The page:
"Further, police have information that there is a large band of criminals who have planned to exploit the gathering to cause chaos and looting within the city center."

On its Web site, the ODM called on Kibaki to protect all Kenyans.

U.N. Secretary-General Ban Ki-moon is "increasingly troubled" by the crisis, a statement from his spokesman said, adding that Ban is "contacting the leadership in Kenya, the African Union and other concerned parties."

"The secretary-general reminds the government, as well as the political and religious leaders of Kenya, of their legal and moral responsibility to protect the innocent lives of people, regardless of their racial, religious or ethnic origin, and he strongly urges them to do everything within their capacity to prevent any further violence," the statement said.

"He urges all efforts be made to avoid provocations and violence during planned demonstrations on Thursday."

Turbulence was also reported Wednesday in the Nairobi suburb of Muthare, a government stronghold, where youths were seen carrying machetes.

Video and pictures sent by CNN viewers in Kenya showed deserted streets and looted stores. Some Nairobi residents described the situation as relatively calm but said they could hear sporadic gunfire.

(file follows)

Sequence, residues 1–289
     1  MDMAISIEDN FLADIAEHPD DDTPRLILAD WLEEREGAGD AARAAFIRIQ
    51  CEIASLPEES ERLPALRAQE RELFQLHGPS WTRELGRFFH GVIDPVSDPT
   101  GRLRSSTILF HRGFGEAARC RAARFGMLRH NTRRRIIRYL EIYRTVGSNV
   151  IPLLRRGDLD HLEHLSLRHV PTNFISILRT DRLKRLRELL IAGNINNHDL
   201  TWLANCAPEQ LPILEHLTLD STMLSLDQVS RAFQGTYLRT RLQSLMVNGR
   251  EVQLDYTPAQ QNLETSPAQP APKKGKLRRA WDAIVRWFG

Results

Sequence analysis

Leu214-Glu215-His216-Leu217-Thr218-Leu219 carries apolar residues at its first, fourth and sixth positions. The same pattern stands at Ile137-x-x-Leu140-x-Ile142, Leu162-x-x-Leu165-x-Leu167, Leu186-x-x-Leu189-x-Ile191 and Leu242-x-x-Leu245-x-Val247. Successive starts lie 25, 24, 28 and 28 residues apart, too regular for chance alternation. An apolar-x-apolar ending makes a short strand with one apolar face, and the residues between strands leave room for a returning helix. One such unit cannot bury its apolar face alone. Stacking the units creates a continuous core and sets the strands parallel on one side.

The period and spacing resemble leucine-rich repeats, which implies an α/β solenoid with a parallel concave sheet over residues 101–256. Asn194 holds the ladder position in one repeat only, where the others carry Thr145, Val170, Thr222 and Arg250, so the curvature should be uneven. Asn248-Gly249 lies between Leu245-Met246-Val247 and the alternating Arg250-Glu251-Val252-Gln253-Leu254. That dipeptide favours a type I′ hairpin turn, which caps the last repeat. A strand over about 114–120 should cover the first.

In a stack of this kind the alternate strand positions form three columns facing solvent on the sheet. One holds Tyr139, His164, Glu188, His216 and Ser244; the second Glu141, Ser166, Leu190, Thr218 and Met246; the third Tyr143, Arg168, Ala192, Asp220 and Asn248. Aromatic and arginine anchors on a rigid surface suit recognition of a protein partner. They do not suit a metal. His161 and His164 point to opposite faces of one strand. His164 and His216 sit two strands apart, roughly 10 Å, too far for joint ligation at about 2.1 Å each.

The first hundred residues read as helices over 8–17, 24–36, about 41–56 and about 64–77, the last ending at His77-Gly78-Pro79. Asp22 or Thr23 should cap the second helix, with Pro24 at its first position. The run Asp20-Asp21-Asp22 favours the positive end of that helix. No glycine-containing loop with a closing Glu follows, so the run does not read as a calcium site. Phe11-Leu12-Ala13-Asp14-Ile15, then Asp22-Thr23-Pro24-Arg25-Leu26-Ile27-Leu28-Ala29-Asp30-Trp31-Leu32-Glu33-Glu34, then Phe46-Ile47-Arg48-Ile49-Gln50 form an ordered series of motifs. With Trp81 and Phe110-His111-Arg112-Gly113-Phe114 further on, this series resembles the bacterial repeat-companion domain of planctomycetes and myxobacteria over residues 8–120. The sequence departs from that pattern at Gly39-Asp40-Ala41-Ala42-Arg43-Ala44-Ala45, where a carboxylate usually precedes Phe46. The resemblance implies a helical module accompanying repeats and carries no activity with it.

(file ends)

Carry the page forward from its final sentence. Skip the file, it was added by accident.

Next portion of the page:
Groups have also set up unofficial roadblocks and barricades, making it difficult for the Red Cross to deliver much-needed humanitarian assistance, the organization said in a statement.

Meanwhile, the government has halted all live broadcasts in the country, part of an effort to bring tensions down. The ODM called the move a "direct curtailment of freedom of expression rights that contravenes provisions of our constitution."

A local reporter on Wednesday told CNN he witnessed youths from minority tribal groups manning checkpoints outside Eldoret, about 185 miles (300 km) northwest of Nairobi, and refusing entry to members of the Kikuyu tribe.

Kenyans are required to carry identification cards, and a person's name often indicates what tribe they are from.

Kibaki is a member of the Kikuyu, Kenya's largest tribe which comprises roughly 22 percent of the country's population. Odinga belongs to the Luo tribe, which makes up about 13 percent of Kenya's population.

U.S. Secretary of State Condoleezza Rice spoke with Odinga by telephone Wednesday and planned to also call Kibaki to appeal for an end to the political tensions that are sparking the violence, State Department spokesman Sean McCormack said.

She earlier joined British Foreign Secretary David Miliband in calling for calm, reconciliation and national unity.

The European Union and the African Union have both offered their help in mediation efforts, but the Kenyan government did not immediately welcome those offers.

Kenyan Finance Minister Amos Kiminya on Wednesday said AU's assistance was not needed and that tribal elders were being used to calm the situation. E-mail to a friend

CNN's Matthew Chance, Paula Newton and journalist David McKenzie contributed